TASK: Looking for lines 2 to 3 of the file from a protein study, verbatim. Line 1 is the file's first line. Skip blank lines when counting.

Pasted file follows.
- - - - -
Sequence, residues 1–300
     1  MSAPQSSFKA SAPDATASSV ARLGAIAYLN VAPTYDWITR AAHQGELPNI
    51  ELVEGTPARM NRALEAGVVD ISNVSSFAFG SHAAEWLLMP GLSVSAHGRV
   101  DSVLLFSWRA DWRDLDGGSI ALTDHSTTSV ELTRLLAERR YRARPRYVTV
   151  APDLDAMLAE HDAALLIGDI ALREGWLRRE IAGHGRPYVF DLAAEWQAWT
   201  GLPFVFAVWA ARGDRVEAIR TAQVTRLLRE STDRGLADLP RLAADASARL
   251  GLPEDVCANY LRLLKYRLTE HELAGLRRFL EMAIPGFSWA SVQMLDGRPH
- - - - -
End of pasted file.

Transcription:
     1  MSAPQSSFKA SAPDATASSV ARLGAIAYLN VAPTYDWITR AAHQGELPNI
    51  ELVEGTPARM NRALEAGVVD ISNVSSFAFG SHAAEWLLMP GLSVSAHGRV